More information on how to roast with the temperature setpoint option? Check out the blog written by our ambassador Willem Boot by clicking here.
Burner power percentage
Of all the available roaster settings, the burner power determines how powerful the burner will operate. The burner’s automatic setting will most of the time determine this. When you, for example, select an air temperature setpoint of 190 °C the automatic setting will lead your roaster up to this temperature as efficiently as possible. This means the control panel will ensure the temperature will be reached as quickly as possible without exceeding the set temperature. You can, however, choose to deviate from the automatic operation. This way, you can manually determine how powerful the burner operates.
Imagine the actual air temperature is 190 °C and the temperature setpoint is 210 °C. When you keep the burner power at a high percentage, the machine will reach the temperature setpoint as quickly as possible. However, the manual mode allows you to program a slower rate of temperature rise by selecting a lower power percentage. In summary; when you want to reach the temperature setpoint as efficient and quick as possible, the automatic setting will do the job. On the other hand, when you want to accomplish a slower temperature rise, you can use the manual setting to set the burner power. This means it will take longer for the machine to reach the temperature setpoint, but does realize the smooth rise of temperature you may be looking for.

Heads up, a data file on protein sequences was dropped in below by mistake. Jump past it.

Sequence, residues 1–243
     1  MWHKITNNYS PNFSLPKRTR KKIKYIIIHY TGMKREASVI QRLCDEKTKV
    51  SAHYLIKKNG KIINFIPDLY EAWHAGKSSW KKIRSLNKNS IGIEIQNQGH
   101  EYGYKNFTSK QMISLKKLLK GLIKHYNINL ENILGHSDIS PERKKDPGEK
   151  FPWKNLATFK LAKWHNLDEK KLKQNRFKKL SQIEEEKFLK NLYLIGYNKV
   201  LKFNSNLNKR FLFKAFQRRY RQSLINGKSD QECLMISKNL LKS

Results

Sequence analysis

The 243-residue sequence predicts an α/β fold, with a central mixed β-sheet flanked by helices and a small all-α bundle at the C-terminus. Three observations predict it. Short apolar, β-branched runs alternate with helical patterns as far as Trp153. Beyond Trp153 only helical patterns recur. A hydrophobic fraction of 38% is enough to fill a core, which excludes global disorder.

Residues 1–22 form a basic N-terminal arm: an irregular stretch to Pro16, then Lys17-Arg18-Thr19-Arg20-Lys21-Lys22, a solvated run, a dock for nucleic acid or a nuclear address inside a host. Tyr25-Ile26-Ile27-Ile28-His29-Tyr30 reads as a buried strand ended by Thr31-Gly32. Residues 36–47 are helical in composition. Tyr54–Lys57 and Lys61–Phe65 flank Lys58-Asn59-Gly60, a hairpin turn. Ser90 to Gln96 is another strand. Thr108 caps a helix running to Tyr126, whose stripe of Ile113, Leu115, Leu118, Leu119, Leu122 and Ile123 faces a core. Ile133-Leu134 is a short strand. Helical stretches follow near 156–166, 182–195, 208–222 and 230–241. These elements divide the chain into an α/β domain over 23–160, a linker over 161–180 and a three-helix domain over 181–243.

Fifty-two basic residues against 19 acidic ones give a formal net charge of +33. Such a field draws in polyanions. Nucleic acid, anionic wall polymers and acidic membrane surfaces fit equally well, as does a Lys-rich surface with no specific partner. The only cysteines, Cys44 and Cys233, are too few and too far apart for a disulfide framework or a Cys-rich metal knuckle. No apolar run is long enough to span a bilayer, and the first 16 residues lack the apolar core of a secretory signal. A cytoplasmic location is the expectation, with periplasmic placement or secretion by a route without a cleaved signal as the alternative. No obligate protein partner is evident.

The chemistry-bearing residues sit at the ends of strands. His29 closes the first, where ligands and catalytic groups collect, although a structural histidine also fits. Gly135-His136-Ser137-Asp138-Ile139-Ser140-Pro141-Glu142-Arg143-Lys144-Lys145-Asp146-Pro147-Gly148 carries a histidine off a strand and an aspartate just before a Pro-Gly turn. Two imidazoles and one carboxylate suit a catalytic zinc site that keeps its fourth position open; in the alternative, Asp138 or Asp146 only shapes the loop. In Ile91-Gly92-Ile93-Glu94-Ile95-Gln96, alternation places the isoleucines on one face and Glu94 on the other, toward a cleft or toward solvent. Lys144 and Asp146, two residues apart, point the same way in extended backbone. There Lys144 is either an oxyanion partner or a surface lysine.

Roaster settings: Drum underpressure
This roaster setting affects the underpressure inside your roaster. With that, we mean the state of the airflow in the roaster. With this setting, you can pick a set pressure point which the roaster will constantly adapt itself to. On all of our machines, this is indicated using Pascal (Pa). By increasing this setting the machine will increase the rotation speed of the roasting fan. This to maintain the higher pressure target you just set by increasing the Pa value. You can change this value during your roast to meet the requirements of your profile. Summarized; instead of picking a set airflow fan speed, you pick a set underpressure variable which the machine will constantly refer to. This way you will create the same stable, measurable underpressure degree with every roast.